In honor of National Ice Cream day or Sundae Sunday I am going to be giving you guys a sneak peek at my mother-in-laws newest endeavor. She's started writing cute little romantic short stories that she is going to eventually compile into a book with 365 stories! Also, she will be starting her very own blog soon where she will be sharing her stories. So, here's the story she wrote just for this special occasion. Let me know what you all think!!!
by Deborah Belford
by Deborah Belford
“Did you know the third Sunday of July is National Ice Cream Sundae Sunday?” Mark asked looking up from the newspaper he was reading. “We should make homemade ice cream and invite some friends over.”
“I didn’t know you knew how to make ice cream, sweetheart,” Annie replied.
“The ladies at church are always making ice cream in the summer! How hard could it be?”
“If you want to throw an ice cream social, Mark, I will support you any way I can. BUT you have to make the ice cream.”
“I bet you think I can’t do it,” Mark responded to her challenge.
“I wouldn’t have married you if I didn’t think you had superhuman capabilities that far surpassed the skills of every other male on the face of the planet.”
Later that evening, after Mark had spent a little time pondering the challenge, he came to Annie with his idea.
“I think we should turn this into a contest for our Sunday school class. Every couple has to design their own sundae, and we can have the children’s department pick a winner. We guys have to make the ice cream, and you gals will have to design the sundaes.”
“I like that idea,” Annie had to admit. She was always surprised by how Mark was always finding ways to get people stirred up and involved. They had met during high school when she first moved to town. Her family had joined the little church where he went, and even then he had leadership qualities that showcased his talent for good, clean fun.
“Do you think there will be enough notice?” Mark worried.
“If we don’t do it next Sunday, we will have to wait a whole year. It’s just an old fashioned ice cream social with a twist,” she assured him. People who didn’t know Mark better would be surprised by his little waves of insecurity. He always overcame them, and Annie knew that he was worrying for nothing.
The next morning was Sunday, so they didn’t have long to wait to find out if the idea was going to fly. As Annie suspected, Mark’s idea was a big hit. Their Sunday school teacher had his wife go to the children’s department immediately to let the director know that there would be a contest between the couples in our class, and we would need judges. We also had to invite everyone to stick around after church to help us eat up all the ice cream.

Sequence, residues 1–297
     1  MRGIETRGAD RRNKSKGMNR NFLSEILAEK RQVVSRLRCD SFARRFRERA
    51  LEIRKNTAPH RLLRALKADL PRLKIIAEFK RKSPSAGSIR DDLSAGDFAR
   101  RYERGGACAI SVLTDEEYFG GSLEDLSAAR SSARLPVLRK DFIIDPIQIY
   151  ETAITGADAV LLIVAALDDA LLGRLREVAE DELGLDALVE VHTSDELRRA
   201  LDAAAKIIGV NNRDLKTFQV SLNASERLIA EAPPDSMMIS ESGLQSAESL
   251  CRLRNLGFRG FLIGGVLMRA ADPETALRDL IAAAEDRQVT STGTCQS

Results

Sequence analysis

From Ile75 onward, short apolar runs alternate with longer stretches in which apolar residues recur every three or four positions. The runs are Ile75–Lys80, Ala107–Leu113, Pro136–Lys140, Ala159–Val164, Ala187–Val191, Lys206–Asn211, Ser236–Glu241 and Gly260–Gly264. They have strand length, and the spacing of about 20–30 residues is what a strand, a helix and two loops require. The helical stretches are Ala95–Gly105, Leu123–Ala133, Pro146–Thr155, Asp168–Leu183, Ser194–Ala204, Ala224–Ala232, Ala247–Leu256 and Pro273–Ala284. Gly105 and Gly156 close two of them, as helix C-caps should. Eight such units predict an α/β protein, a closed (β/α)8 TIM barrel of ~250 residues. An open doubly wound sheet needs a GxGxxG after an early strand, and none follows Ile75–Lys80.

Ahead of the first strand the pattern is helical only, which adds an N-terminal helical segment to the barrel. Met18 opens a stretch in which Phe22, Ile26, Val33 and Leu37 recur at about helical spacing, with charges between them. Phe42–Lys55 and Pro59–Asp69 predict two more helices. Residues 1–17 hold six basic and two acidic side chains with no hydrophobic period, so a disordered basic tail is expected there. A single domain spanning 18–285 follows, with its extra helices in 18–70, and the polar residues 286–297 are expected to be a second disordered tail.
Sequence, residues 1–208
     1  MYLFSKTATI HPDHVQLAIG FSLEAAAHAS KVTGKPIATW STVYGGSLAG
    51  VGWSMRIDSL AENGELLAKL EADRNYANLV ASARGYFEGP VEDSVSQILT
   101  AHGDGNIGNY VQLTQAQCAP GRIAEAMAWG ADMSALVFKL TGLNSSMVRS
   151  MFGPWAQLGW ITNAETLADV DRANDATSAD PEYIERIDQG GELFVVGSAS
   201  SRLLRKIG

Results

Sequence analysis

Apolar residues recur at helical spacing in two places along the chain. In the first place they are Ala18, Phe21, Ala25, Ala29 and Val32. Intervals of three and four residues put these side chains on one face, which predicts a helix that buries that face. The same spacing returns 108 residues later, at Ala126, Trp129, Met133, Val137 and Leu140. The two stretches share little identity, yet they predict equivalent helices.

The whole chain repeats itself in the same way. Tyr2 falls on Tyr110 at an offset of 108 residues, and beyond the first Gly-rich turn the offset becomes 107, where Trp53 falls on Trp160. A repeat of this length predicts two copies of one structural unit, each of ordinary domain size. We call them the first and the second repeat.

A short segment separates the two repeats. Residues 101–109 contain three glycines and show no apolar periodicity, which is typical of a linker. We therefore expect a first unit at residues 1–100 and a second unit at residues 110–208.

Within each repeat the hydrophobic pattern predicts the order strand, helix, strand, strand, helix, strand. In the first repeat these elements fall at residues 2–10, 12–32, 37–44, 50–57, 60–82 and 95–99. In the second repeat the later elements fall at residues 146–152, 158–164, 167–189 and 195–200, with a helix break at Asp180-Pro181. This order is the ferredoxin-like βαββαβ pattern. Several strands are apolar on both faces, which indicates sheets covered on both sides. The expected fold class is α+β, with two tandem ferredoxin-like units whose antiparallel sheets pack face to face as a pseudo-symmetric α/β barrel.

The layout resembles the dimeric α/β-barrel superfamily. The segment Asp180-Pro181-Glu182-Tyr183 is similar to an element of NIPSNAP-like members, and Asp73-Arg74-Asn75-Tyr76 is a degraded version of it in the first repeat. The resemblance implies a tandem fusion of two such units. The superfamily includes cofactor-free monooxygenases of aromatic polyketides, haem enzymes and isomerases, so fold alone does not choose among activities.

It was billed as the Sundae Sunday, Eat Desert First Challenge. An announcement was made from the pulpit, and everything was all set.
At this point Annie was just as excited about her part of the challenge as Mark was about his. She visited Martha Stewart’s website for ideas. Then she checked Paula Dean, and Rachel Ray, and even Hungry Girl. What had started out as an off-hand remark was turning into a big production, and Annie didn’t want to let Mark down.
Mark went to his mother for advice about ice cream.
“What have you gotten yourself into this time?” chuckled Melissa, Mark’s mom. “We leave town for one weekend, and you turn into the Good Humor man!”
“Just tell me how to make ice cream, Mom,” he begged, imitating his six-year-old self as best he could. “Annie absolutely refuses to help. She says she doesn’t know how.”
Melissa gave him a raised eyebrow look of skepticism.
“I agree, Mom. I think she is holding back on me, too, but this has turned into a top secret enterprise. Annie has been on line trying to get the edge, but she isn’t telling me any of her plans. If my ice cream isn’t the best, I am going to let her down. I’ll probably have to move back into my old bedroom. You’ll have to move your sewing room back down into the basement. Dad will have to put his work bench back in the garage, and your new car will get dented in the next hail storm because you have to leave it in the driveway. Are you going to help me or not?”
“When you put it that way, how can I refuse?” Melissa replied as she opened the cabinet with all her recipes.
Annie ended up making miniature pie shell that looked like stars from the top. Mark was totally surprised by the cleverness of her contribution. She placed slender brownie planks whose tips had been dipped in red, white, and blue candy coating finished off with red, white, and blue nonpareils. Next came Mark’s French vanilla ice cream which was not holding its shape very well, so Annie had to work fast. She topped the ice cream with her homemade strawberry preserves, whipped cream, and finally a gummi Crabby Pattie. She didn’t want to risk losing the children’s votes.
It was a tiny work of culinary art. Mark just looked on with amazement as his wife of just one month (to the day), blew away all the competition.
Waiting at the stop light on the way home, Mark reached out and took Annie’s hand. “You do know this will probably turn into an annual event?”
“Oh, I hope so,” Annie replied as she gazed at their certificate of achievement. “It was a great idea. Simple! Fun! What more could you want?”
“I’m just worried,” Mark admitted.
Annie had been admiring his hand over hers, so she missed the teasing look in his eye.
“What could you possibly be worried about? Even Arlene Everett was having a good time, and she never likes anything fun.”
“I’m worried that you won’t be able to top today’s performance. What are you going to do next year?”
Annie knew what she would see when she looked up into his eyes. He pulled her hand up to his lips for a quick kiss while the light turned green. His eyes were twinkling as she suspected.
“You worry too much.”
“I love you!”
“I love you, too!”